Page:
Panelist Michael Hlebechuk, who helped found Mind Empowered, Inc., one of the first peer-run mental health recovery programs, said for years he was told the best he could expect was a regular Social Security check and, hopefully, to stay out of hospitals. It was only through working with other people with mental illness that he was able to get better, he said. During one period, he thought he was an angel – “My name’s Michael, by the way,” he said, smiling – and what helped him was meeting an individual who thought he was God.
Often, Archer said during her keynote talk, a peer is the only person who can get through to someone who is not yet ready for treatment.
“When someone is not interested in treatment, you can walk on that path with them, and it’s often the only thing that gets them to the next place,” Archer said.
“I believe the system can change and let people choose their own course in life. That’s how people recover,” Hlebechuk said. “Without that, people cannot recover.”
In recent years, peer recovery has gone from being an informal movement to one that is more formally defined. Since 2010, FolkTime has certified 153 people as peer wellness specialists, while Portland State University has begun a two-semester credentialing program for peers.
Archer said when she first began her career, she “didn’t always get it,” and sometimes marginalized families and people with mental illness when creating treatment plans.
During a question and answer session after the panel discussion, where all questions were anonymous, one question came in about how peers can avoid stigma and tokenization.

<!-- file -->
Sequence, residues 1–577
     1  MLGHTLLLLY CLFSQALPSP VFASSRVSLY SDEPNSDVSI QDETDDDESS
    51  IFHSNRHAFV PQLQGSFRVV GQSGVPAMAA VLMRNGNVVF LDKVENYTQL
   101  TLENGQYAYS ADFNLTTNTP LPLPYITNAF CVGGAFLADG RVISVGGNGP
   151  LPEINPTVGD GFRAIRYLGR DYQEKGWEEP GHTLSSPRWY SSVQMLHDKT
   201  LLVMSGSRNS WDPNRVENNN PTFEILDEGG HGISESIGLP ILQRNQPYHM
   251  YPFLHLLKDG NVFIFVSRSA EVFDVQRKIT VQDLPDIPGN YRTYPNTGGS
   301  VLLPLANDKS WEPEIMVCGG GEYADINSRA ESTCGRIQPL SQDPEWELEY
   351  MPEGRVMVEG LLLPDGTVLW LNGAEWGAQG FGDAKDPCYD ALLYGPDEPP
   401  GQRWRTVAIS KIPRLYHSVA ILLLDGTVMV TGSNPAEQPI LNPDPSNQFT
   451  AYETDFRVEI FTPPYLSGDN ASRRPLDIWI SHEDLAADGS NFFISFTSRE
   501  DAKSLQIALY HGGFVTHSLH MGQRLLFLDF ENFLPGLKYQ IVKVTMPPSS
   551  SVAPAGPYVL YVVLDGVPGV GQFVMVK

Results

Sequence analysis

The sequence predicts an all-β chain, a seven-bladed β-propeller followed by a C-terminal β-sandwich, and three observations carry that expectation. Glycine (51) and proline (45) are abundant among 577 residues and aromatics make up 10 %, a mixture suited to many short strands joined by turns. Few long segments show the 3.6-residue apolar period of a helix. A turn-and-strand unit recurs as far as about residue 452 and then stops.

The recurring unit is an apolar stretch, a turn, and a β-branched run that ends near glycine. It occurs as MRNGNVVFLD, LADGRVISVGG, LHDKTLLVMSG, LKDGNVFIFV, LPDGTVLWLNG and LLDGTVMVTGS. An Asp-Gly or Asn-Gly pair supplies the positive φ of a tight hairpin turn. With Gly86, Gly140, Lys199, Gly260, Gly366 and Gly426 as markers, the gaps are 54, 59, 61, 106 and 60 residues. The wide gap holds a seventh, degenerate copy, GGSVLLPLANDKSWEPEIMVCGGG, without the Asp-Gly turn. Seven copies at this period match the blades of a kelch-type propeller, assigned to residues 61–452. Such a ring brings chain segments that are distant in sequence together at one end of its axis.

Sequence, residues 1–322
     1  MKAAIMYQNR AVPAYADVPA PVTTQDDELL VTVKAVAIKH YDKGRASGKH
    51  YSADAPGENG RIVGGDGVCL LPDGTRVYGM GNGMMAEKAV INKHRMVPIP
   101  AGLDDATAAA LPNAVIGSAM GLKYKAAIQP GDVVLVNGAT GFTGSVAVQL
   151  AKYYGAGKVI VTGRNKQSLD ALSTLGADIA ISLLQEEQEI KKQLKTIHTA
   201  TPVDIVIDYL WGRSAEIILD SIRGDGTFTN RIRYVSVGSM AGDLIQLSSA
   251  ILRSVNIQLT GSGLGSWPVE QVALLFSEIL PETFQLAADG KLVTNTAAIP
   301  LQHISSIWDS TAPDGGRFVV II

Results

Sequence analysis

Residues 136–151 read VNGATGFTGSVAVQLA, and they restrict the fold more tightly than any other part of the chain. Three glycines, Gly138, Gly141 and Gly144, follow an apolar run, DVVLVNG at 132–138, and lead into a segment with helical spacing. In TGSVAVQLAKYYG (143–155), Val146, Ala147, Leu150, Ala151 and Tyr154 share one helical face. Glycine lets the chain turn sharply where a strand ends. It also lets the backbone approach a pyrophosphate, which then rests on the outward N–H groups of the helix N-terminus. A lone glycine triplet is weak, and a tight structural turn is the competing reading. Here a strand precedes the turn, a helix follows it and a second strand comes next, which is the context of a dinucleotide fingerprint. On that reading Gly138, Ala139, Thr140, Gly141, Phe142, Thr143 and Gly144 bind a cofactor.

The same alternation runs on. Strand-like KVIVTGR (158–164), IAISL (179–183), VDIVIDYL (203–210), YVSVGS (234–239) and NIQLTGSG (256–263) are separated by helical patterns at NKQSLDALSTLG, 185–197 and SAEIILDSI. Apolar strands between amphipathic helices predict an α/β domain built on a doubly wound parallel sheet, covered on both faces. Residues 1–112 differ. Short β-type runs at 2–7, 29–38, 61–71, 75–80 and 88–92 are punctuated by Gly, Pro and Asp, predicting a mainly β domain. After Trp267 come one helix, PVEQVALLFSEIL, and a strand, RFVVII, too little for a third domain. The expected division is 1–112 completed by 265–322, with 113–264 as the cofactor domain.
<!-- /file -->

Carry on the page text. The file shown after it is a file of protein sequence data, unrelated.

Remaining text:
Lynn Jones, who’s been a patient at the Oregon State Hospital for four years and called herself a “snobbish business woman” before she started showing symptoms of mental illness, said she advocates for fellow patients as often as she can, and refuses to “self-stigmatize.” She also uses her real, full name when she discusses her mental health challenges, and encourages others to do the same.
Panelist Angel Prater said a turning point in her recovery from mental illness and substance abuse occurred when a counselor disclosed her own struggle. While counseling programs urge students not to discuss their own lives with patients, Prater said that was the first moment when she felt like someone “got it,” and she started to have hope. In addition, putting too much emphasis on labels can be harmful, since everyone has lived with trauma or big, difficult emotions, she said.
It can be a difficult line to walk, said Meghan Caughey, senior director of peer support services at Cascadia Behavioral Health, who told the audience she serves as both a “team member” and an advocate for peers. While many healthcare organizations don’t employ peers, there are more opportunities through coordinated care organizations.
Moore said he is excited to see awareness of the movement grow, and is hopeful about FolkTime’s future as an organization.
“I’m excited about where we are on several levels. Peer support is kind of the hidden truth behind wellness and recovery and hope.”